First Class Of Female Recruits In San Diego History May Be The Last For Now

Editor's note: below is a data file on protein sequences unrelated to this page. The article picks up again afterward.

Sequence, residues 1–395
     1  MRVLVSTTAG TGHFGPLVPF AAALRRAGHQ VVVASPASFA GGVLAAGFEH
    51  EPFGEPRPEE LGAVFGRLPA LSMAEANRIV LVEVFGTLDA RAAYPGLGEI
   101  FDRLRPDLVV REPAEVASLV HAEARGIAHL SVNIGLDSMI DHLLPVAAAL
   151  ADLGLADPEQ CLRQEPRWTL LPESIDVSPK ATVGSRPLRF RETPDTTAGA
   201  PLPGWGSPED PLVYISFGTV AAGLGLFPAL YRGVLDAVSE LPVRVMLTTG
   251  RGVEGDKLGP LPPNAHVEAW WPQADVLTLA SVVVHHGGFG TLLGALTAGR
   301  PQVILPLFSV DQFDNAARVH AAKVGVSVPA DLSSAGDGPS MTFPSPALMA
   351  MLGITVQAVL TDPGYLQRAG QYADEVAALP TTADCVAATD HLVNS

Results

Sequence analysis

Speaker 1: 00:00 Female recruits went through Marine boot camp in San Diego for the first time, this spring, as they are set to graduate these new Marines and their instructors say the time has come for them to keep training on the West coast KPBS, military reporter, Steve Walsh has the story Speaker 2: 00:18 Though isolated. The first group of female recruits to train in San Diego, understood people were watching. Some were cheering them on while others were more negative, like Fox news, host Tucker Carlson, who called efforts to accommodate female troops, a mockery of the U S military senior drill instructor, Amherst, Jurassic. Speaker 3: 00:38 They're not oblivious to what happens on social media. So they know what's being said. I think it became more of a challenge to them to push them to be harder than it did set them back. Speaker 2: 00:48 The cameras often followed the women as they ran, swam climbed obstacles and crawled through the California dirt. Speaker 1: 00:58 [inaudible] Speaker 2: 00:58 Low point came midway through the 13 weeks as drill instructors, Stephanie fall, Speaker 3: 01:04 He came to initial drill. They were very, very nervous and, and they missed a lot. And we, we actually tied for last Speaker 2: 01:11 Drill, synchronized marching. The women came in behind the five male platoons. The males are loud as they moved their weapons in unison from shoulder to shoulder. Speaker 1: 01:25 Yeah, Speaker 2: 01:25 Men are meticulous, better attention to detail, but they weren't confident then came round to final drill, says recruit Marie Anne Pata. Speaker 3: 01:34 I think we all woke up and said, why do we put ourselves down? Everyone else is breaking a style. We're supposed to be the ones building ourselves back up Speaker 1: 01:48 [inaudible] Speaker 2: 01:48 They won beating the five other platoons Speaker 3: 01:51 You could tell. The moment we hit that parade deck, there was just passion. All of us remembered why we wanted to be a breeze Speaker 2: 01:58 At 21. Pata is older than the average recruit. She dropped out of college in her junior year. When she ran out of money, she was homeless for a time. Her parents didn't want their honors student daughter to join the Marines. Speaker 3: 02:11 We made our statement if a good, uh, there were a lot of tears where they had outset platoon, 30 to 41 quadrille there were a lot of tears. We were so happy. Speaker 2: 02:22 There were more tears to come. Unlike the Marines, traditional training site for women in flats, swampy Parris Island, South Carolina, West coast bootcamp culminates with scaling the Reaper, a summit that looms over training at camp Pendleton. Speaker 3: 02:37 See the Reaper, even at the chow hall at us girls, even I've overheard, uh, male recruits, you see it, you just kind of trouble, Speaker 2: 02:46 But they reached the top where they held the traditional ceremony. Each new Marine received an Eagle globe and anchor pin. The symbol of the Marine Corps. Patara muddy and sleep deprived, held it in her Palm. And then so Speaker 3: 03:00 More, so much more than it thought it was going into it. Speaker 2: 03:03 Graduates of West coast. Bootcamper dub Hollywood Marines. And these women are the first female Hollywood Marines in the hundred year history of San Diego bootcamp. Speaker 3: 03:13 And it's true. Looking down at this. I, I didn't think I was strong enough to be here. Every single deal is scary to be here. This shows to everyone that I actually can show myself that I'm bigger than I am. Speaker 2: 03:27 Marines are the last service to fully integrate women into bootcamp. They are under a congressional mandate to open bootcamp in San Diego to women, but the deadline is 2028 for now. Another cycle of women isn't scheduled for San Diego, senior drill instructors to Rasik doesn't want it to end Speaker 3: 03:45 Hi right now. And I think the perfect thing for this high would be to continue pushing forward. They can do everything that is done out here. They prove that pretty thoroughly that yes they can. And actually they can do it really well Speaker 2: 04:05 Though. Unless something changes these 53 women are the first and at least for a while, the last female Hollywood Marines Speaker 1: 04:16 Joining me is KPBS military reporters, Steve Walsh, Steve. Welcome. Hi, Maureen, has there been any reason given why another group of women isn't scheduled to go through bootcamp in San Diego? Speaker 2: 04:30 Well, I have a little bit more of an insight because I was able to talk to the, uh, the Colonel in charge of MCRD San Diego, Colonel Matthew Palmer. He says, he's not heard about another group of female recruits being scheduled. And since these Marines officially graduate tomorrow morning over to MCRD, the assumption is there won't be another class in the near future. Now they don't know for sure, but Palm to emphasize that this was a test though. It's a proof of concept as he calls it. They're not required by law to have these women training regularly at MCRD San Diego until 2028. And they don't have to integrate bootcamp at Parris Island until 2025. Speaker 1: 05:10 Now, obviously the women Marines you spoke with were very happy with the success of their training, but is that how the Marine Corps brass feels about their performance? Speaker 2: 05:21 Well, I mean, there was a great deal of publicity surrounding this. So I assume they didn't want the women to fail all eyes were on this and not only just on these women, but on the Marine Corps as a whole, they have to show that the Marine Corps can handle the tasks that help given to them by Congress. The commandant of the Marine Corps has said publicly that they are going to comply with the law. So, uh, the Marines, uh, liked the idea that somehow everyone is, is kept to the same standards, both men and women, and these women did keep to the same standard and they did excels the Marines, still do struggle with the basics. They have redesign packs and body armor to better fit women. These women get a lot more lower body injuries. And there's a feeling that if they redesign the packs in a different ways, that could make it easier for women to hike long distances without injuries, but they haven't made a decision on when we're going to see more women MCRD San Diego. And when I talked to Colonel PAMA, he says, you know, it's his hope that it's, that they beat that 20, 28 deadline, but they really don't know. Speaker 1: 06:27 Now you told us the story about the female platoon first failing, and then succeeding actually winning the drill are Marine recruits always separated into male and female platoons. Speaker 2: 06:40 Yeah, they are. That's, that's kind of the whole gist of this. This is why Congress is pushing them to integrate the, uh, male and female recruit training. You know, and I'm going to follow up on this story with, with one more feature after they graduate about the difference between the Marines and the other services. Actually, they sent some representatives from MCRD San Diego to the other services, boot camps, to see how it was done. You know, the other services, combined males and females at the platoon level, they're all in the same platoon operating the same way, which is the way that things are when they're, you know, out in the field after they graduate. It's really only the Marines that, that like separating them and this and this initial steps. So at San Diego, they integrate much of the training, but when they were in the field, they trained alongside men. They, they worked in small groups where at times they were leading the male recruits and switching off, which is the hallmark of Marine training is working in these small groups. So the question is, is whether keeping them separate, even satisfies the law, put into place to integrate bootcamp by 2028. But I'm going to get into that in another piece. Speaker 1: 07:50 Now you mentioned the criticism directed toward female military personnel by Tucker Carlson and those comments on social media. I know that you keep up with what's being said online. So is there a lot of negativity directed towards these women? Speaker 2: 08:05 You know, first I want to emphasize that I had many female Marines and female, former female Marine vets who contacted me online. They were very excited, very proud about what was happening here. They were retweeted these stories, which were very popular, but yeah, Tucker Carlson's comments seem to provoke, uh, re uh, while it did provoke a response from the commandant of the Marine Corps, supporting these women. And, and those comments of the comment of the Marine Corps were read to those recruits while they were going through training. But yes, you saw online, you saw these sort of crusty veterans claiming that, you know, either women didn't belong there or somehow that they weren't following the same standards as, as the male recruits, there were some somehow like, you know, lessening the standards and the one positive of all, this is everything. These female recruits was incredibly well-documented. We were there several times documenting it. There were other local news outlets and national news outlets there. I think I counted maybe two separate documentary crews that were looking at it. So when, when they went through this whole process and they showed the successes that they did, it really did emphasize, you know, that these women did what the, what the Marines said they were doing, which is keeping to the very same standard. Speaker 1: 09:26 What struck you the most in speaking to the female recruits about their bootcamp experience? Speaker 2: 09:33 Well, these are, most of these are 19 year olds who are often not the most articulate people in the world, but I will say these women really, even though they were in some ways picked at random or that they didn't really have much of an idea that they were going to be the part of this first class until really only, just a short time before they, they came to San Diego. But even so many of them had a real sense of the moment here. They also had a sense of purpose. They knew why they wanted to be Marines. You know, I kept asking questions like, you know, there, the Marines have less than, less than 10% of Marines are female. They seem to be women who wanted this specifically, this challenge, they call themselves the fewer and the prouder, which is a play on the Marine slogan, the few, the proud, the Marines. And they were really proud of the fact, not only that they were able to do this, but that they are part of such a small and elite group. Speaker 1: 10:28 I've been speaking with KPBS, military reporter, Steve Walsh. Steve, thank you very much. Thanks Maureen. A graduation ceremony for the new Marines takes place tomorrow morning at MCR day. Speaker 4: 10:49 [inaudible].